Almodovar returns to the big screen with Volver
10 March 2006, MADRID — Pedro Almodovar, Spain's Oscar-winning director, returns to the big screens of the world with Volver .
10 March 2006
MADRID — Pedro Almodovar, Spain's Oscar-winning director, returns to the big screens of the world with Volver .
The film will have its first showing for 1,000 special guests at his home town of Puertollano in La Mancha on Friday, then goes on general release from 17 March.
Volver (Return) is suffused with passion for his La Mancha homeland and affection for some of his favourite actresses, including Penelope Cruz and the director's first muse, Carmen Maura.
Amid the thrill of expectation that is always stirred up by one of his new projects, Almodovar has described the film as "a dramatic comedy, almost an 'Indiana Jones' of domestic adventures of a family".
At the world premiere of Volver will be about 1,000 exclusive guests, the director himself and several of the starring actresses, who finished filming last October.
The fame he has amassed from his earlier feature films ensured that even the start of shooting on this, his sixteenth, project attracted the attention of journalists from all over the world, including Spain, France, Italy, Britain and even Japan.
Volver is, in the words of Almodovar, a return to his roots and to the memory of his mother.
"I base it totally on my life, my memories and those of my family," he said.
In addition, it represents a return to comedy, to the feminine universe and to reflections on death, but without the suggestion of a tragic element.
Above all, the film speaks of the cult of death in rural areas,specifically in La Mancha, the high barren plains of south-central Spain known primarily as the setting of much of Don Quixote.
Many scenes take place in the town of Almagro, before the action shifts to Madrid.
Volver is the story of a rural family's move to the Spanish capital, where they try to survive.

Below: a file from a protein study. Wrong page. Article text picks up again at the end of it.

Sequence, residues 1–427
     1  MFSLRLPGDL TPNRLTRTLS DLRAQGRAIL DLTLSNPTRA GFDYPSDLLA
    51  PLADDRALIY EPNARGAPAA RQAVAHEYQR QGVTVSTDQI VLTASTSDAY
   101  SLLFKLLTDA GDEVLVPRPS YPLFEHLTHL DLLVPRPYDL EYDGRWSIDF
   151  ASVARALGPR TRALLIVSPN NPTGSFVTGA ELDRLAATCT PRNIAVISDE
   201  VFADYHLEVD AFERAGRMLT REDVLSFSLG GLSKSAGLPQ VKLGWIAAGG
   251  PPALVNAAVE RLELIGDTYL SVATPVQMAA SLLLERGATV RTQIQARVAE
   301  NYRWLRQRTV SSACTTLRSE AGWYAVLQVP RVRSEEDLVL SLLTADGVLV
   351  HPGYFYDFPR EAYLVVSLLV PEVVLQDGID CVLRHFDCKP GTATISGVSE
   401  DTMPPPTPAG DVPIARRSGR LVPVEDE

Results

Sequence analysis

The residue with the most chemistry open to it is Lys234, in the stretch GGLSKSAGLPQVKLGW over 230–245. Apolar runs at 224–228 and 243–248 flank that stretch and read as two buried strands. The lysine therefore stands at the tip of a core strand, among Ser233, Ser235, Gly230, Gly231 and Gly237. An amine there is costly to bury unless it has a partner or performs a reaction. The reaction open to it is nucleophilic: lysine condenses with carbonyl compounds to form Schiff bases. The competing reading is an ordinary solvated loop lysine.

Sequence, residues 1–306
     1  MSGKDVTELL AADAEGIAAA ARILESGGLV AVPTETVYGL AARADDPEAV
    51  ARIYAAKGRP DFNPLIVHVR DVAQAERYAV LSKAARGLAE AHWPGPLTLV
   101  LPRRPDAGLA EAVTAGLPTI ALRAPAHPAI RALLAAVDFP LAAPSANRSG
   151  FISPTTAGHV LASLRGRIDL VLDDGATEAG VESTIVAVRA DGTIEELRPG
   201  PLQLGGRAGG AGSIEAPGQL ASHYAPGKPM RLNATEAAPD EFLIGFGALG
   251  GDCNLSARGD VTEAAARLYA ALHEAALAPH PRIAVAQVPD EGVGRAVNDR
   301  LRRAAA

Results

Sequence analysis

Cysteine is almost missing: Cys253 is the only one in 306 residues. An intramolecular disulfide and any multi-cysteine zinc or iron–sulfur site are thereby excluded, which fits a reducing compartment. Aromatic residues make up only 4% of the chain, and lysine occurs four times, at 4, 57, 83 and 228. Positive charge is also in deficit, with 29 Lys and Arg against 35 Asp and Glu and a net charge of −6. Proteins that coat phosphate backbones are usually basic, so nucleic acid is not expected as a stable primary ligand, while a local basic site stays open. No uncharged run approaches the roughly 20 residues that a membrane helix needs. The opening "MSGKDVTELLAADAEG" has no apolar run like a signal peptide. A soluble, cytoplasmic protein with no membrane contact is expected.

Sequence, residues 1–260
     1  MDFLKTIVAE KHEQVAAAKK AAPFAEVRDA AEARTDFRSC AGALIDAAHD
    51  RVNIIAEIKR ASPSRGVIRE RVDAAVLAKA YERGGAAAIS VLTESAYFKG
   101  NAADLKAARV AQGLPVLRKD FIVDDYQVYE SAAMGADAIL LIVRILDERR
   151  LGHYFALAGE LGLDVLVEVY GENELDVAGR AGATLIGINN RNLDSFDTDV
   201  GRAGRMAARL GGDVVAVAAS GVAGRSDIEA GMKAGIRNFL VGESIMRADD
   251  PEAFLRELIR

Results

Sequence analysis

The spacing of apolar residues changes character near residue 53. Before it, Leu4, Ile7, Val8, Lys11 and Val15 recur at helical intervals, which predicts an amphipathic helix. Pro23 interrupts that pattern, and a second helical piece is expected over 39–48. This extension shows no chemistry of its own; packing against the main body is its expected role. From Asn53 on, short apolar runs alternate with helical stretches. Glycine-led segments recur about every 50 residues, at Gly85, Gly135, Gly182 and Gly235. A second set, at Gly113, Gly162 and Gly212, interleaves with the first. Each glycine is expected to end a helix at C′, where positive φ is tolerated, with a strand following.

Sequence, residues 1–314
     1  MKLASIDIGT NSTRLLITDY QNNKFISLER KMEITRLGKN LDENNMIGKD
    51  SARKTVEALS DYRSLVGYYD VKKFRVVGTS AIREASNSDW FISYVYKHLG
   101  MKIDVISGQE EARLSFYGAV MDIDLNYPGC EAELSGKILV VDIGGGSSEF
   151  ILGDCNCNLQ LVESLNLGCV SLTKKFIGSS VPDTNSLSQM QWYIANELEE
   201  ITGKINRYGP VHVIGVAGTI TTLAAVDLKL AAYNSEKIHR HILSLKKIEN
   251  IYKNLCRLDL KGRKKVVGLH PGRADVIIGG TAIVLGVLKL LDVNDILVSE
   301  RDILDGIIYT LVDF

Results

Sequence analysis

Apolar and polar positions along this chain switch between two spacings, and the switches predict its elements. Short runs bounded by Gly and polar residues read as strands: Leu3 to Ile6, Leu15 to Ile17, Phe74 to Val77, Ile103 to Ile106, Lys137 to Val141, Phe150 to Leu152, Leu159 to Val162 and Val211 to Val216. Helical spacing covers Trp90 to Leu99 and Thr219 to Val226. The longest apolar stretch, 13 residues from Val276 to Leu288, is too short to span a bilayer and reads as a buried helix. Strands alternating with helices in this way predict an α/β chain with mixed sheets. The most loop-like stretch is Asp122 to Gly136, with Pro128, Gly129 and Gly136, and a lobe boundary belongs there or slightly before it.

To give life to the feminine universe and the complicated relationships between mothers, daughters, grandmothers, sisters and female neighbours - to whom he pays heartfelt tribute - Almodóvar relies upon an extraordinary selection of actresses.
The cast includes Maura and Cruz - the latter of whom is Spain's most internationally known female actor - as well as Lola Dueñas, Blanca Portillo, Chus Lampreave and the young Yohana Cobo.
The reunion with Maura is something that both director and actor knew would come after many years without working together, specifically since 1987 in Women on the Verge of a Nervous Breakdown.
"It's one of those things that happen by themselves. The chemistry established itself as if there had been no interruption," Almodóvar said.
Cruz, who plays Maura's daughter in the movie and is a mixture of Sofia Loren and Claudia Cardinale, has confessed that she feels "heavenly" under Almodóvar's direction.
"He's completely different from the others, and he has a special dedication to his actors," said Cruz, who also appeared in the director's Live Flesh and Everything About My Mother, the latter of which won Almodóvar the Oscar for best foreign film in 2000.
Three years later, he would win another Oscar, this time for best original screenplay for Talk to Her.
Almodovar says that he has no guarantee that this film adventure will turn out all right but he needed to "return" to his roots to survive, not financially but - as he himself has revealed - from the point of view of his "passion" for telling stories.
[Copyright EFE with Expatica]
Subject: Spanish news